79. · But she, who is averse from a mad husband,
who acts immorally, who shows atred to her lord, · who is incurably diseased, who is mischievous, who
wastes his property, may at all times be superseded by another wife.
81. “A barren wife may be superseded by another i in the eighth year : she, whose children are all dead, ' in the tenth; she, who brings forth only daughters, ' in the eleventh; she, who speaks unkindly, without
delay; 82. ' But she, who, though afflicted with illness, is beloved and virtuous, must never be disgraced, though ' she may be superseded by another wife with her own consent.
83. “ If a wife, legally superseded, shall depart in • wrath from the house, she must either instantly be
2 a 2
confined, or abandoned in the presence of the whole family:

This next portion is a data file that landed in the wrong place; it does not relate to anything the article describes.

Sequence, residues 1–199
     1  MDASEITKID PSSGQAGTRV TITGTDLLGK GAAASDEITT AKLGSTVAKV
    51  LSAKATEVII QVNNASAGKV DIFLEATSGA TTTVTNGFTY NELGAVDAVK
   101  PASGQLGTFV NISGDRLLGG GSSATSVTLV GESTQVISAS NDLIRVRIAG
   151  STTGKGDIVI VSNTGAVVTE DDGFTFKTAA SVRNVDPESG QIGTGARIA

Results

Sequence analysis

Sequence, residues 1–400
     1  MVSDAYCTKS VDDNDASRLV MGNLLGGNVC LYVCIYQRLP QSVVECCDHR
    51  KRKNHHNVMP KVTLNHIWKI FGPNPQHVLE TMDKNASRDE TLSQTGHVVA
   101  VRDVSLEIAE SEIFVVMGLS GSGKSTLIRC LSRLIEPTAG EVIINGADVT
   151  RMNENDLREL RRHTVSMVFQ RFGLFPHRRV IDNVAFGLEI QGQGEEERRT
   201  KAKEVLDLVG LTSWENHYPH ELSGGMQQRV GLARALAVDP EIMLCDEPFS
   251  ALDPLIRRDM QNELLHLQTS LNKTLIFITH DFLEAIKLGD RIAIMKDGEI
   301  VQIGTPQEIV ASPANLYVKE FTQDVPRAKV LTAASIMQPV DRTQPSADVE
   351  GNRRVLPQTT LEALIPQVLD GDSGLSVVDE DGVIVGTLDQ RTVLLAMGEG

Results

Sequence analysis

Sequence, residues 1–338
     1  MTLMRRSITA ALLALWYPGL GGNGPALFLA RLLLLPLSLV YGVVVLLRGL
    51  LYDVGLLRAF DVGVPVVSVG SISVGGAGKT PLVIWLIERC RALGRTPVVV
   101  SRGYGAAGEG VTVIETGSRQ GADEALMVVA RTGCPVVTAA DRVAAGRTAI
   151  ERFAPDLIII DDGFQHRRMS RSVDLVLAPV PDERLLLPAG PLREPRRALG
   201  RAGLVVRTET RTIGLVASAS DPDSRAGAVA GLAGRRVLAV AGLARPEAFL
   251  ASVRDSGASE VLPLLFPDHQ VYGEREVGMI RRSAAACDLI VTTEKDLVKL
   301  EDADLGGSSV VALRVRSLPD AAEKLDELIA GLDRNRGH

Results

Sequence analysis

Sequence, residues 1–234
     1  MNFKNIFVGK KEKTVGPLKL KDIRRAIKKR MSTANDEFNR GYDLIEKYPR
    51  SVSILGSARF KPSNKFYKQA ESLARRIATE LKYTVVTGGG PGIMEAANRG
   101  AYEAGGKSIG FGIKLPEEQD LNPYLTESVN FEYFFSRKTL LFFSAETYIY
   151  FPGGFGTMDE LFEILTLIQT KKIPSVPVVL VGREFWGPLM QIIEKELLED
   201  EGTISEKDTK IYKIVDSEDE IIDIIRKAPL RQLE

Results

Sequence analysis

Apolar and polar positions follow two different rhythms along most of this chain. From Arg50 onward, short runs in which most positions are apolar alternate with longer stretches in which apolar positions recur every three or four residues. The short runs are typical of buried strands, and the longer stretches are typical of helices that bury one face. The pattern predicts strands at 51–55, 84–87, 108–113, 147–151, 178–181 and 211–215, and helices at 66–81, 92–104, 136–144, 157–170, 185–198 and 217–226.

84. ' But she, who, having been forbidden, addicts ' herself to intoxicating liquor even at jubilees, or ' mixes in crowds at theatres, must be fined six racticàs of gold,
85. " When twice-born men take wives, both of their ' own class and others, the precedence, honour, and · habitation of those wives, must be settled according to the order of their classes : 86. - To all such married men, the wives of the same class only (not wives of a different class by
any means) must perform the duty of personal at• tendance, and the daily business relating to acts • of religion; 87. “ For he, who foolishly causes those duties to
performed by any other than his wife of the same class, when she is near at hand, has been immemorially considered as a mere Chandála begotten on a Bráhmeni. 88. · To an excellent and handsome youth of the same class, let every man give his daughter in marriage, according to law; even though she have not attained her age of eight years : 89. · But it is better, that the damsel, though marriageable, should stay at home till her death, than " that he should ever give her in marriage to a bridegroom void of excellent qualities.